"[T]he medical profession needs to have dramatically improved training in the science of process improvement."Yeah.
I've been advocating such attention since Day One of this blog effort.
Again, Dr. Toussaint:
___Governments can tweak payment systems and probably get some temporary fiscal relief. But until we focus reform efforts on where most of the money goes, which is healthcare delivery, we will remain stuck in a revolving door of near disaster and narrow escapes.To get to the point where all people have access to high-quality healthcare, affordably, we must focus our attention on how the healthcare delivery system determines costs and quality. Then we need to change that delivery model entirely.
In fact, hospitals, physicians, and nurses—all of healthcare—must change. First, we must emphasize the science of medicine over the art. This means turning to evidence-based medicine, which is already underway in some sectors. But we are also talking about evidence-based delivery, work that has barely begun.
There is, however, a good bit of literature on the M&M, in fairness. e.g.,:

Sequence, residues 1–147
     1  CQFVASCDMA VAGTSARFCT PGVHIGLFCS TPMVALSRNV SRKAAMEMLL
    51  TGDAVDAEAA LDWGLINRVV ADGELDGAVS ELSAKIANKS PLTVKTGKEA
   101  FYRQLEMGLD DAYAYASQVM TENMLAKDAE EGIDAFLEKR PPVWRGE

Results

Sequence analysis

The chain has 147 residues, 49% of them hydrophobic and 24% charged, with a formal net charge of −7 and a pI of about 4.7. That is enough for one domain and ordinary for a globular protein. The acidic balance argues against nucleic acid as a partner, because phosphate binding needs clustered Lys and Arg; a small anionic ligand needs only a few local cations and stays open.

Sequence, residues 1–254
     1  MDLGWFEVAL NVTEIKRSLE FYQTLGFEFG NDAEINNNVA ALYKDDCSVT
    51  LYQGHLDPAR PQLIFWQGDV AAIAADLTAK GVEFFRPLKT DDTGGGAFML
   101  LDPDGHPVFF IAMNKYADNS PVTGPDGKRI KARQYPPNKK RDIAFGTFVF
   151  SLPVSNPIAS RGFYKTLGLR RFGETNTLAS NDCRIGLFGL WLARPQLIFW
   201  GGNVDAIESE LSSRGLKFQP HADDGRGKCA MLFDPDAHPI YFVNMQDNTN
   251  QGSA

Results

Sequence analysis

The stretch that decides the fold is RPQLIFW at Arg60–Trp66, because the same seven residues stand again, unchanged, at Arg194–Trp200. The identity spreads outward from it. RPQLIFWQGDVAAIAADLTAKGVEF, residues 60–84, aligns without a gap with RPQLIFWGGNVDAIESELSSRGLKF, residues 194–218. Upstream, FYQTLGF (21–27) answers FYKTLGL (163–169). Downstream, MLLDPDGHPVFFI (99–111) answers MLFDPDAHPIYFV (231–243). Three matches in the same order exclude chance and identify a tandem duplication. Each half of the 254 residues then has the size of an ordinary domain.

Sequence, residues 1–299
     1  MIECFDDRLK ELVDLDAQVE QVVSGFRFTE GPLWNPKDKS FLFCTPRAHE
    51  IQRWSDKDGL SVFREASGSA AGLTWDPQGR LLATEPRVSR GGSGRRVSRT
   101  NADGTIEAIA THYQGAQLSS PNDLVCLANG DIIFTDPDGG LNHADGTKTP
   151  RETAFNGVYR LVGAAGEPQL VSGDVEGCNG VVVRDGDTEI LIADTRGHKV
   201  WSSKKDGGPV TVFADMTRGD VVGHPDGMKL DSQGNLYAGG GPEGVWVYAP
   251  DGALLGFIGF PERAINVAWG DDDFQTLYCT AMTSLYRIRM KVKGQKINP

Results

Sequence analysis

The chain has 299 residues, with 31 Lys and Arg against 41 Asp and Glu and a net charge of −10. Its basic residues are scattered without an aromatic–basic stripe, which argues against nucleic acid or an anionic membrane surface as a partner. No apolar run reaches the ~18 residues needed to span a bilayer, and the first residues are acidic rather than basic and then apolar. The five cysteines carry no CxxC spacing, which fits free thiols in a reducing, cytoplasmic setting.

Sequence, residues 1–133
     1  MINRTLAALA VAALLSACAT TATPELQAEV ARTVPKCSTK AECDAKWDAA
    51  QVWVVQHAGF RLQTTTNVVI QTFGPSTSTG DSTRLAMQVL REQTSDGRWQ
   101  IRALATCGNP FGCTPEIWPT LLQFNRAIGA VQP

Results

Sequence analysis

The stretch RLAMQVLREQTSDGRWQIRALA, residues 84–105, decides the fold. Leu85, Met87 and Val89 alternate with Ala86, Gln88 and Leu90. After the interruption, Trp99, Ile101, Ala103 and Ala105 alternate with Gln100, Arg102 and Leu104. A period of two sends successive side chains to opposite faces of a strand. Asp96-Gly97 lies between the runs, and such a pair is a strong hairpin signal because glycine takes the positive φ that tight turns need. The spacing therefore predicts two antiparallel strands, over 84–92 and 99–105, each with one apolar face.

Conclusion"Nonjudgmental case discussion." Yeah, great ideal. But, ever heard the phrase "Shame and blame"? Another link as well (there are many).
The structured hospital-wide MM&I conference is an effective way to engage multiple members of the health care team in a discussion of adverse outcomes, while collaboratively focusing on potential systems-based improvements in patient care and safety. Nonjudgmental case discussion helps overcome the individual’s fear of accusation and criticism, which can stifle honest exchange of information and hinder improvement initiatives. Identification of potential system failures by participants, empowerment of workgroups to address specific systems-based problems, and transparent accountability for regular followup can lead to improved patient safety.
INTERESTING WEEK COMING UP
(Aug 5th, 8:30 pm update)
My state has finally gotten off its inertial duff and launched its Medicaid EP Meaningful Use Attestation Portal. Better Late (by a year) than Last In The Nation (we were close, though). The fun begins at 8 a.m. Be an interesting couple of days (and week and month). I expect to be on the phone most of the next couple of days doing repetitive hand-holding.